Common Threads (Foods of India)

India is a large country with many geographic differences. Plains, deserts, thousands of miles of coastline dotted with tropical beaches, and snow-capped mountains all are a part of India. This geographic diversity affects what the 1 billion people who live here eat. For example, coconuts, seafood, and tropical fruit are popular on the coasts where they are cultivated. Thick stews that warm the body are favorites in the cold mountains.

Religious rules also influence the Indian diet. Indians are divided into a number of religious groups. Eighty percent are Hindus and 13 percent are Muslims. There are also Sikhs and Buddhists, among others. Few Muslims eat pork, while most Hindus avoid beef. Many Hindus, Sikhs, and Buddhists are vegetarians. As a matter of fact, there are more vegetarians in India than in any other nation. Despite these differences, the use of spices and similar cooking methods bind all Indian cooking together.

Spicy Sauces

Curry is probably the most famous of all Indian foods. It is not a single dish and there is no basic recipe for it. Curry actually describes any dish cooked in a spicy sauce.

Mealtime is a special time for this boy and his family.

Mealtime is a special time for this boy and his family.




Spicy chicken curry is just one of many curries enjoyed by Indians.

Spicy chicken curry is just one of many curries enjoyed by Indians.

This usage dates from the mid-1800s when the British ruled India. The British used the word curry, taken from the spicy Indian herb kari, for all spicy dishes. A wide range of popular, stewlike dishes are bathed in zesty sauces. Each has different main ingredients, but the basis for every one is a savory sauce made from a blend of aromatic spices.

Indian cooks create these sauces in layers. First a combination of spices, which usually includes garam masala, is cooked in hot oil or ghee with nuts or grated onions.

Then yogurt, which adds a pleasant tartness, or tomatoes follow. The main ingredients, which include a variety of vegetables and/or meat or seafood, come next. Water is added, and the stew is cooked until all the flavors blend deliciously and the ingredients are buttery soft.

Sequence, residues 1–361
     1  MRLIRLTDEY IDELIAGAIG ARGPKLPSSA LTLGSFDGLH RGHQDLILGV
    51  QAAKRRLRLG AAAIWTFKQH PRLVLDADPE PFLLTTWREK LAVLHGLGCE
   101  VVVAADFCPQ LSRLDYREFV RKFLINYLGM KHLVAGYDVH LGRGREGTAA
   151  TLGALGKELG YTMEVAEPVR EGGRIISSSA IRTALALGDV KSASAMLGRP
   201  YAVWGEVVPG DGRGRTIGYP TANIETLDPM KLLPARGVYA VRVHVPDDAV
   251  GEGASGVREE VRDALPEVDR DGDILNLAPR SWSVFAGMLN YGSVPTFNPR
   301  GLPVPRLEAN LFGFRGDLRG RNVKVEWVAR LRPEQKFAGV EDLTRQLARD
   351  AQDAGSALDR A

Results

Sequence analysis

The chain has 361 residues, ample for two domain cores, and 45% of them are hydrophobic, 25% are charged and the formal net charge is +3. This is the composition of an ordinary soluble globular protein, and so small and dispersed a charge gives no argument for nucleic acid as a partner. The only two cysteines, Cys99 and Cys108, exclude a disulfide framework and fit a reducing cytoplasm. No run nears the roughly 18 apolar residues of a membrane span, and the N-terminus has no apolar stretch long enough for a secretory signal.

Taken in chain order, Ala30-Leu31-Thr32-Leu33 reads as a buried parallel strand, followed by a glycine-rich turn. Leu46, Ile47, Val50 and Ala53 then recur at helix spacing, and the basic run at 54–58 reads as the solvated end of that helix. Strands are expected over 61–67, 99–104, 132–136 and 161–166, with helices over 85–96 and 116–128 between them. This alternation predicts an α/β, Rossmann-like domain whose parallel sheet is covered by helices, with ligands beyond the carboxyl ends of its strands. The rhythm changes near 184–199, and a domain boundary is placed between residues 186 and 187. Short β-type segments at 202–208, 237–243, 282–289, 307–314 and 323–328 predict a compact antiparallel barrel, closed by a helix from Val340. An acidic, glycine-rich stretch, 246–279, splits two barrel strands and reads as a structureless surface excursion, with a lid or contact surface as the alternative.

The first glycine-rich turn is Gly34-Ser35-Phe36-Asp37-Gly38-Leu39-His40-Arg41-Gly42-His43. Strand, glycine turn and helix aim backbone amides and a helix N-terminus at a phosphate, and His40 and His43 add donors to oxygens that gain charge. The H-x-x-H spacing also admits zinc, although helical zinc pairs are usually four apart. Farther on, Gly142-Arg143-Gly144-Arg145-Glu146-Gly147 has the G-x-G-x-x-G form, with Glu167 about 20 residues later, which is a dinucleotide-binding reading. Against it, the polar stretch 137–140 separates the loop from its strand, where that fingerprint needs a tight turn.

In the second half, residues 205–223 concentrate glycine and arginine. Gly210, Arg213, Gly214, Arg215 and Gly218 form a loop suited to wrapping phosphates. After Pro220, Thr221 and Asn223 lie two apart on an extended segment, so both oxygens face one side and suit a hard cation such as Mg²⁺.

Eating in India

Some mealtime customs in India are different from customs in North America. For instance, in India food is rarely served in serving bowls. Instead, each diner is given a round metal tray called a thali (taah-lee). On it are small bowls containing different dishes such as rice, dal, chicken korma, potatoes, chutney, and raita.

Instead of utensils, food is eaten with the right hand. The left hand, which is used for personal hygiene, is never used for eating. Diners use the tips of their fingers to pick up food and their thumbs to scoop the food into their mouths.

A thali, or food tray, holds a variety of foods and seasonings.

A thali, or food tray, holds a variety of foods and seasonings.

A favorite Indian dinner includes the hot and spicy stew called roghan josh, dal, rice, and flat breads.

A favorite Indian dinner includes the hot and spicy stew called roghan josh, dal, rice, and flat breads.

Many Dishes

Indians make hundreds of different kinds of saucy, stewlike dishes, which are eaten with rice or roti. Depending on the spices, the stews can be fiery or mild. Kormas (kor-maahs), for instance, are rich and mild. Main ingredients such as vegetables, chicken, lamb, or seafood are smothered in a creamy sauce flavored with cinnamon, nutmeg, pepper, and mustard seeds. The mixture is then thickened with coconut milk and almond paste. The result is fragrant, velvety, and delicious.

Zestier stews are also quite popular. Roghan josh (ro-gahn josh) is hot and spicy. Its sauce is made with garam masala cooked with lamb and topped with fried tomatoes and onions. Vindaloo (vin-dah-loo) dishes are even hotter. Pork vindaloo is popular, but vindaloos also feature vegetables or lamb. The main ingredient is marinated in a sweet-and-sour sauce made of vinegar, ginger, and garlic. This mixture is then topped with a second sauce flavored with cumin, turmeric, and whole, dried chilis. Even though vindaloo dishes are fiery, the taste is not unpleasant. Like all Indian stews, vindaloo has a delicate flavor that lingers on the palate. "I call this back heat," explains Suvir Saran. "It goes and goes in your mouth long after you’ve swallowed the bite!"5

Crisp, Moist, and Succulent

Other deliciously spiced foods are cooked in a tandoor (tahn-dur). A tandoor is a barrel-shaped clay oven. It was brought to India in the 10th century by Persians fleeing their Arab conquerers.

Much like Americans have barbeque grills, some Indians have a tandoor in their backyards. For those who do not have one, there are tandoor restaurants, which are the most popular restaurants in India.

To use a tandoor, cooks build a charcoal fire in its bottom. The heat can reach as high as 850°F (450°C). Such intense heat cooks food rapidly and locks in moisture. Food cooked in a tandoor is crisp on the outside and soft and juicy within.